For many strength and conditioning professionals, we got into this field because we love to work out and push our bodies to limits we never thought we could. When I first discovered weights, it was, and still is, an addiction. I couldn’t get enough of it and thought if I was resting, sleeping, or basically anything that wasn’t working out, that my opponent was getting better than me. While this mindset taught me discipline and work ethic, it isn’t the ideal way to approach training. In fact, this can hinder performance more than it get can help.
We have all heard of the word “over-training”. Some people will call this a soft approach to babying today’s athletes. Kind of like the “back in my day” sayings you always hear. Many people will say back in my day I did this, this, and this and still saw progress. The thing is, especially with youth, you could do incorrect things in training and still see progress. Unfortunately people use this excuse to mask their insecurities that they could be wrong with what they are prescribing. Before we go into more detail about what I mean by a minimalist approach, let’s first define overtraining. Overtraining is the concept of applying many stressors to the body (i.e. training intensity and volume, relationship issues, academics, work, etc.) and not allowing enough rest and recovery. This is why periodization in programming is so important.
Now I don’t want it to seem like we are looking down on other professionals or parents that don’t follow this with their kids. If I’m completely honest, we were applying some similar concepts of training they are doing now. The great thing about performance training is it is constantly evolving with better approaches to optimize performance for individuals looking to improve. This idea of a minimalist approach was first taught to us by Dr. Michael Yessis who made the 1 X 20 method of training so popular. Others such as Jay Demayo, Jeff Moyer, and Matt Thome have used these methods and have seen great results. Due to our connections with Dr. Bryan Mann, we were able to talk to all of these individuals about this idea and how we could use it for our athletes.
The concept is simple…”What’s the least amount I can do to get the maximum result?” That question, before talking to these giants in our field, would have never crossed my mind, but it made total sense. If I can elicit the same adaptations in one set, why would I do two? Before this the approach was always what’s the most I can throw at this athlete that is safe and effective. After being in the field for a while, I can tell you that about 95% of the people we see are not ready for very complex methods of training. Most are still discovering what training is and how to do it correctly. Others are not that consistent with training. All those factors make us go back and think, why should I do this advanced method when they are not ready for it?Again, the idea we hold our reputation on is optimizing performance. It’s really easy to throw complex methods at people because it’s exciting, but at the end of the day, how can we help them continue to improve? Our goal is to increase sport performance, and I have yet to see a game won on the competitive field/court because of the following reasons:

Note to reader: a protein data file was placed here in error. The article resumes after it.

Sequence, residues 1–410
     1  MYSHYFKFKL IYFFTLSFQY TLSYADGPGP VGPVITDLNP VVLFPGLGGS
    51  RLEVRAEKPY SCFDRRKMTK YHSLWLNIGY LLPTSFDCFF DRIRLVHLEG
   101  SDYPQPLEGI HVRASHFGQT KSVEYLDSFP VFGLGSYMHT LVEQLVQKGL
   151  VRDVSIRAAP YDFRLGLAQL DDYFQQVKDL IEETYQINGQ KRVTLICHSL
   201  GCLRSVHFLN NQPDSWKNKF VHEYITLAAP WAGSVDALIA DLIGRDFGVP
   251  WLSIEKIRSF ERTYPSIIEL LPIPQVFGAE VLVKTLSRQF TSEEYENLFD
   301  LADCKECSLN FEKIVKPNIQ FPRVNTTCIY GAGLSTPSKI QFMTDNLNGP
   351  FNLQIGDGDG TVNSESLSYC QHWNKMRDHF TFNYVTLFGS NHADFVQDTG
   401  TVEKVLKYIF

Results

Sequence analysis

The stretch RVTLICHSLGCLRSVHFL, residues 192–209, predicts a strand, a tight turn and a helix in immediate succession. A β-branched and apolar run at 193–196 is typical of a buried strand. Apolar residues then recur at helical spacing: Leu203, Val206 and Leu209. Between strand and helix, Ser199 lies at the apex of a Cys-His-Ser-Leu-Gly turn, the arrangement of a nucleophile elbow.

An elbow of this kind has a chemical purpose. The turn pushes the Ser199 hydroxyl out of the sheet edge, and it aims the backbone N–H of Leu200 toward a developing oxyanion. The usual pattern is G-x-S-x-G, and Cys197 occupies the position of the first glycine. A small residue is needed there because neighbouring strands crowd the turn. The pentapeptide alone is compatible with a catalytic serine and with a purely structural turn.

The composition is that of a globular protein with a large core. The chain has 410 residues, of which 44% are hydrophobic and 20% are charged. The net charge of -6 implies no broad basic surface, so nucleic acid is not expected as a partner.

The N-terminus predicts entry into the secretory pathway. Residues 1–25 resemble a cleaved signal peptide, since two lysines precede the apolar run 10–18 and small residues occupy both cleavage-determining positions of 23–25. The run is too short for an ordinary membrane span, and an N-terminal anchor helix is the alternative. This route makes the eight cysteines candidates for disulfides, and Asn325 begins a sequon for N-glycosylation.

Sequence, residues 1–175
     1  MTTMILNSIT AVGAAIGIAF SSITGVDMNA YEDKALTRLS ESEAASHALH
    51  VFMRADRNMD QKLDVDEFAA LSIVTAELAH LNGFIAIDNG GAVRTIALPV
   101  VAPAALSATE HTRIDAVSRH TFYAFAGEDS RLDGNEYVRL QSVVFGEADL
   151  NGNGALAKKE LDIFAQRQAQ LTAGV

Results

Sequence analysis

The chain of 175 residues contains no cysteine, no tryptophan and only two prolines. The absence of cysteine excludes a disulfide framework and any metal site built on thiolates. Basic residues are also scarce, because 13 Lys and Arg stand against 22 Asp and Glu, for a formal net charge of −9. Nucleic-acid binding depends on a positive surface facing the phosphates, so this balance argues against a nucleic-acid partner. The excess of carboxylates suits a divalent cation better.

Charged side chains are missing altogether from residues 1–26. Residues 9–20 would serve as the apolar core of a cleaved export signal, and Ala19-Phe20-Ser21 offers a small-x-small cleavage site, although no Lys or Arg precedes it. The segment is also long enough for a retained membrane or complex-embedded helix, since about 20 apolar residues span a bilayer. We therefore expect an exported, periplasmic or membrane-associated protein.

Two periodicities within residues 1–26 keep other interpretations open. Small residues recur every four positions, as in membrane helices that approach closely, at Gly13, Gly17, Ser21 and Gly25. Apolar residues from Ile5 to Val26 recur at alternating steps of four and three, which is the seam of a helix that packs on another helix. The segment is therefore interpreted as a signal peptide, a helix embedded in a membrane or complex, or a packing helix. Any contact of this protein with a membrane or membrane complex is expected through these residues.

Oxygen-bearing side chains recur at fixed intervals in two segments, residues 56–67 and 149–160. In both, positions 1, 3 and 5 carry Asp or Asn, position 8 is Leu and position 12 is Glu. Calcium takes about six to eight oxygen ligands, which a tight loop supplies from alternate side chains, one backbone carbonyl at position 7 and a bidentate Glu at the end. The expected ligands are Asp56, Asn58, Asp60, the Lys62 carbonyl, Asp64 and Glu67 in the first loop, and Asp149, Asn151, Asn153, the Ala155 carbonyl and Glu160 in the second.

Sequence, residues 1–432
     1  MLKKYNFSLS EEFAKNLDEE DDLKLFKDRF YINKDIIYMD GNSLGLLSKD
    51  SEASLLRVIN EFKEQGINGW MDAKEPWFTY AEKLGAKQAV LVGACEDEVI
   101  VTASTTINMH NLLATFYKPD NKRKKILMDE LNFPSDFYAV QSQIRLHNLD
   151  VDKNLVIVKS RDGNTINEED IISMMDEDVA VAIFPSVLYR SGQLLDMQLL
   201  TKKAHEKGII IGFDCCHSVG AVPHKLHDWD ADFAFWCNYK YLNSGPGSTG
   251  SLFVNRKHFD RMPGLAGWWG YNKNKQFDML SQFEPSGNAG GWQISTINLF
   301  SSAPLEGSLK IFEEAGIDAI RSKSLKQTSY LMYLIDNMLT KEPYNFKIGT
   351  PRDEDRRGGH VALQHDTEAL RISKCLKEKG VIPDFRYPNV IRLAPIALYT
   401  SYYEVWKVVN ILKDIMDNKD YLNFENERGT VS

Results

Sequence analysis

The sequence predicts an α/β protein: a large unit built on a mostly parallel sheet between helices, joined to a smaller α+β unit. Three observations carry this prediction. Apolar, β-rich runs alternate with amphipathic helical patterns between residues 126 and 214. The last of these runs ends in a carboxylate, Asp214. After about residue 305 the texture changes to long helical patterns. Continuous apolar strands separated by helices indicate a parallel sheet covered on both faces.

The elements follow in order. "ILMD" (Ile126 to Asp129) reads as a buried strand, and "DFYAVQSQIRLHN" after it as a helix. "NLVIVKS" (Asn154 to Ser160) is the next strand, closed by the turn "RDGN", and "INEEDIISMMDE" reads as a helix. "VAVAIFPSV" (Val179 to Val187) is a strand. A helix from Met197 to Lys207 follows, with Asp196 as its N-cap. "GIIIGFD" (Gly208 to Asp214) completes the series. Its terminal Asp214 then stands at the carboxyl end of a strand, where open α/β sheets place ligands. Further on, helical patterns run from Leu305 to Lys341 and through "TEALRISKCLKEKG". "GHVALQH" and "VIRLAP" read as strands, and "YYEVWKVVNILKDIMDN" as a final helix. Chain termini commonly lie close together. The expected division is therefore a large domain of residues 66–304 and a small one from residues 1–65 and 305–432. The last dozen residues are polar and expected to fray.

- Athlete trained so hard that they threw up
- Best ladder drill athlete on the team
- Hold all the records for the powerlifts (bench, squat, deadlift)
- Hold all the records for the Olympic lifts (clean and jerk, snatch)
And there are many more. There is no doubt in my mind that some of these definitely contribute, but athletes need to train hard but train smart. Our advice is:
- Get adequate rest (8-10 hours of sleep)
- Be savages at the simple things (basic weight room movements such as squats, hinges, presses, pulls, and weighted carries; move well but working on proper mechanics of movements such as jumping, cutting, and sprinting)
- Apply proper periodization strategies (define goals, know what season they are in, know their training age, know what they have done before, etc.)
Take the following analogy into consideration. If someone wants their child to be a math prodigy then they are not going to start showing them calculus at the age of 6. They will, however, teach them basic addition and subtraction to ensure an adequate understanding. This will allow them to develop more of a well-rounded knowledge base.
In conclusion, we believe training should be fun and challenging. However, if you are doing it just to kick someone’s behind, make yourself look good as a coach, build your ego as a parent or athlete and think you’re above fundamentals, then your thinking is WRONG. There’s a reason that the boring, fundamentals stand the test of time and are still used today. It’s because they work!! At the end of the day, do what is best for the INDIVIDUAL. I always remember this coach from one of my mentors “just because you CAN do it doesn’t mean you SHOULD”.